Updated: Aug 8
In their constant search for stronger and more intense experiences, many get obsessed with products with stuff such as "high potency" or "premium" on their labels. This pushes demand towards products with high-THC strains and concentrations as if they were better just because the percentage of THC is higher.
The problem is that the concentration of THC cannot really tell us much about the quality of the product. Going for stuff that's over the legal limit in the hopes of experiencing something different, is like going to a bar and ordering the most unpalatable swill just because the ABV is over 10%. That's not how any of this works.
In fact, a study performed in 2020 measured the impact of different concentrations of THC on groups of volunteers. They discovered that, although higher concentrations of THC (70%-90%) did elevate the presence of THC in blood samples, subjects didn't experience any significant difference in terms of high or cognitive impairment when compared to those who were given lower concentrations (16%-24%). So, what gives?
It seems that the molecular composition of THC is a better indicator of its effects and strength. Many users are turning to THC products with different molecular arrangements in their quest for the ultimate high. And here is where it gets interesting.
See, cannabinoids are substances that interact with our endocannabinoid system, specifically with our CB1R and CB2R receptors. The Tetrahydrocannabinol molecule needs at least a 3-carbon sidechain or propyl chain to establish an effective bond with our receptors and induce a high.
That's the case with regular THCV, which induces a minor, yet delightful, high, even in larger doses. The advantage of milder varieties is that they provide other health benefits with limited psychoactive or side effects.
However, scientists started looking for more THC components inside the plant that would show larger carbon chains. That's how they stumbled upon Delta 9 THC, which has a 5-carbon sidechain or pentyl chain and allows for a more effective binding and stronger effect. However, this substance was soon heavily regulated because of its psychoactive potential.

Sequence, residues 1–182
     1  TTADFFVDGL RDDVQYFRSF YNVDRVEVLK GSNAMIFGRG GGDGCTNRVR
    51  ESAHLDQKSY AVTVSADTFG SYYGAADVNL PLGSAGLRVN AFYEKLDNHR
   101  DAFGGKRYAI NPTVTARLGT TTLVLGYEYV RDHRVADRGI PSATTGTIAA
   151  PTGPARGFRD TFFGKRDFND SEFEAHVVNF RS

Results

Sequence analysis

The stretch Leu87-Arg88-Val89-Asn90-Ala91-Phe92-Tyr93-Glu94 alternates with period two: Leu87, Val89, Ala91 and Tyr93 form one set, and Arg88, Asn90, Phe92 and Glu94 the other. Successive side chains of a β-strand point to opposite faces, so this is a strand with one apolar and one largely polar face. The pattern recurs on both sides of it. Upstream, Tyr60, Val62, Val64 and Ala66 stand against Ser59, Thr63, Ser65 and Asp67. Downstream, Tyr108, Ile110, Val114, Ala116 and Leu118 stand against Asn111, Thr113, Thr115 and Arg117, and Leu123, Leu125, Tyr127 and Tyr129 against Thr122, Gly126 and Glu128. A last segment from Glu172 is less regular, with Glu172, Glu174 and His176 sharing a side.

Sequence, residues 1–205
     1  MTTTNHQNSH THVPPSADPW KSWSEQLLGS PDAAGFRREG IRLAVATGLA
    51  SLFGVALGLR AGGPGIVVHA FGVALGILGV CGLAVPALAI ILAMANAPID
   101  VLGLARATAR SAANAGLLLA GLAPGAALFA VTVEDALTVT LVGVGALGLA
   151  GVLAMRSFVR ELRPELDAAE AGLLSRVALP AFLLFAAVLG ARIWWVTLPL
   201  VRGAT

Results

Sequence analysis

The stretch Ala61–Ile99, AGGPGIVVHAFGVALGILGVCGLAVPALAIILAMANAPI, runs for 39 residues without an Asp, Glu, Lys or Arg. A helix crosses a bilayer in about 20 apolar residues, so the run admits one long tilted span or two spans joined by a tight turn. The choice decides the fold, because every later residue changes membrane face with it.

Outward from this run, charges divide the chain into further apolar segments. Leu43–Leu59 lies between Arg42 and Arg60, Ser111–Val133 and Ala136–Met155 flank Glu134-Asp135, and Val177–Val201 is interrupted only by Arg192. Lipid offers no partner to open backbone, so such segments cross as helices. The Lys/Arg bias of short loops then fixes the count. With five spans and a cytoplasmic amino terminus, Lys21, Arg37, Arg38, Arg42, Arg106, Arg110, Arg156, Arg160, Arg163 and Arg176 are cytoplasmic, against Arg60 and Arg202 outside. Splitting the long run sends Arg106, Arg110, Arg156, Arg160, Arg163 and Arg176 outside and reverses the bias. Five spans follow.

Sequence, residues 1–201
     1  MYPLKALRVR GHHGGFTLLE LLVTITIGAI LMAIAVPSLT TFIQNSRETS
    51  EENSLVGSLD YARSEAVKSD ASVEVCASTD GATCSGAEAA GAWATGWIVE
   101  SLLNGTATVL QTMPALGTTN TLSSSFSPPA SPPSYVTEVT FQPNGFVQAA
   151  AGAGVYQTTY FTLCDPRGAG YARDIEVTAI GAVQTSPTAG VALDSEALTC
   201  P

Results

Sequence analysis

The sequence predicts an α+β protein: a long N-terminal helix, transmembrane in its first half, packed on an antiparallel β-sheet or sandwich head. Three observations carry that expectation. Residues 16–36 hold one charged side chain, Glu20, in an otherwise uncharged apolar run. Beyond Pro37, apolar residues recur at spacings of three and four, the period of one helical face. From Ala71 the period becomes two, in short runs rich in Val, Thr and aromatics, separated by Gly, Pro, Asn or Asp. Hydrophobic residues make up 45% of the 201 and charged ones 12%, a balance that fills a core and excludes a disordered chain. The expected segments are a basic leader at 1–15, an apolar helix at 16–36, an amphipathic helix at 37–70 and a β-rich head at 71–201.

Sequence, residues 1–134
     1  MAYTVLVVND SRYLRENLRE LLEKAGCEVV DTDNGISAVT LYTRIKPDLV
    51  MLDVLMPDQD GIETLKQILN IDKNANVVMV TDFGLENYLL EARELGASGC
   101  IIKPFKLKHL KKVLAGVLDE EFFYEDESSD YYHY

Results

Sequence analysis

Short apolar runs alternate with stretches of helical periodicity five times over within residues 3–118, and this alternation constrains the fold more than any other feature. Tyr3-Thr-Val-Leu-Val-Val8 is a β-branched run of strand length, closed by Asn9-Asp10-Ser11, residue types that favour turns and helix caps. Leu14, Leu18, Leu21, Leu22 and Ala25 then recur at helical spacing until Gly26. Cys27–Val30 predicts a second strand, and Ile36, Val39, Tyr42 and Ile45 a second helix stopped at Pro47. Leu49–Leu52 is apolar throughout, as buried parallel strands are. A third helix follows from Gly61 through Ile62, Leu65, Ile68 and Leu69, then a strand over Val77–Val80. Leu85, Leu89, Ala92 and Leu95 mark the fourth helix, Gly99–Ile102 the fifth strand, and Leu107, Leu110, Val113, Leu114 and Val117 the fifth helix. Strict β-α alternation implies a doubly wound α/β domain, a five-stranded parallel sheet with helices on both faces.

Hemp producers soon discovered a variant of this pentyl molecule called Delta 8. While it still had the same 5-carbon chain, Delta 8 is much milder than Delta 9 THC and perfectly legal. The problem? Well, it does not get you as high as Delta 9.
People still want to get the most bang for their buck, so hemp growers doubled their efforts to unlock even more cannabinoid molecules inside this marvelous plant.
That's how they found two molecules with longer carbon chains.
THCh: Tetrahydrocannabihexol showed a 6-carbon chain or hexyl that would increase the effects of the high by up to 10 times when compared to your regular THC. So, with a lower THC concentration, the user can theoretically experience effects closely resembling Delta 9 varieties.
THCjd: This is the newest addition to the THC family. Discovered recently, it started to gain traction this year because of its alleged strength. THCjd has the longest carbon chain with an 8-carbon or octyl atom chain, increasing its binding properties and effect on our bodies.
According to some reports, THCjd is 19 times stronger than Delta 9. However, no studies have been done to back these assertions yet. However, some frequently asked questions have found their answers.
Where is THCjd found?
THCjd is a phytocannabinoid. It means it is found in cannabis plants and occurs naturally, unlike synthetic varieties. However, the concentration of this component is extremely small. It is said that only 1% of a plant's cannabinoid profile can be considered THCjd.
This poses a problem for producers who want to offer their discerning clientele more potent versions of hemp derivatives. The only way to elaborate cost-effective THCjd products is through isomerization, a process that can convert CBD into THCjd.
Is THCjd legal?
It depends. Current law allows for hemp products that contain less than 3% THC. That being said, the FAA can treat substances that are "substantially similar" to other controlled substances as Schedule I or Schedule 2 chemicals.
As of this moment, THCjd has a legal status that falls under a gray area. However, as more information about this new discovery emerges, governments will be forced to take a stance either way. Hopefully, the growing support for hemp-based products will allow producers to come out with safe, high-quality THCjd products.
What are the benefits of THCjd?
As mentioned before, there are no studies that address the effects of this newly discovered component. However, it is perfectly safe to assume it provides the same benefit as other similar cannabinoids, such as THC and Delta 8.
Reports have pointed out the importance of terpenes and a phenomenon known as the "entourage effect." Terpenes are aromatic compounds found all over the plant kingdom. There are more than 30,000 terpene compounds in nature, and cannabis plants contain many of them in various combinations.
Some of these terpenes work in synergy with CBD and THC compounds producing varied effects. Other terpenes are known to dampen the high or make it milder. Since there are about 200 of these working together at any given time, the effects will be different for everyone, hence the term "entourage."
So, while the THC concentration or strength impacts the product's benefits and side effects, one must take terpenes into account when evaluating the quality of a strain.
If you want to know more about how cannabinoid concentration and composition affect your experience or have questions regarding our products, do not hesitate to contact us.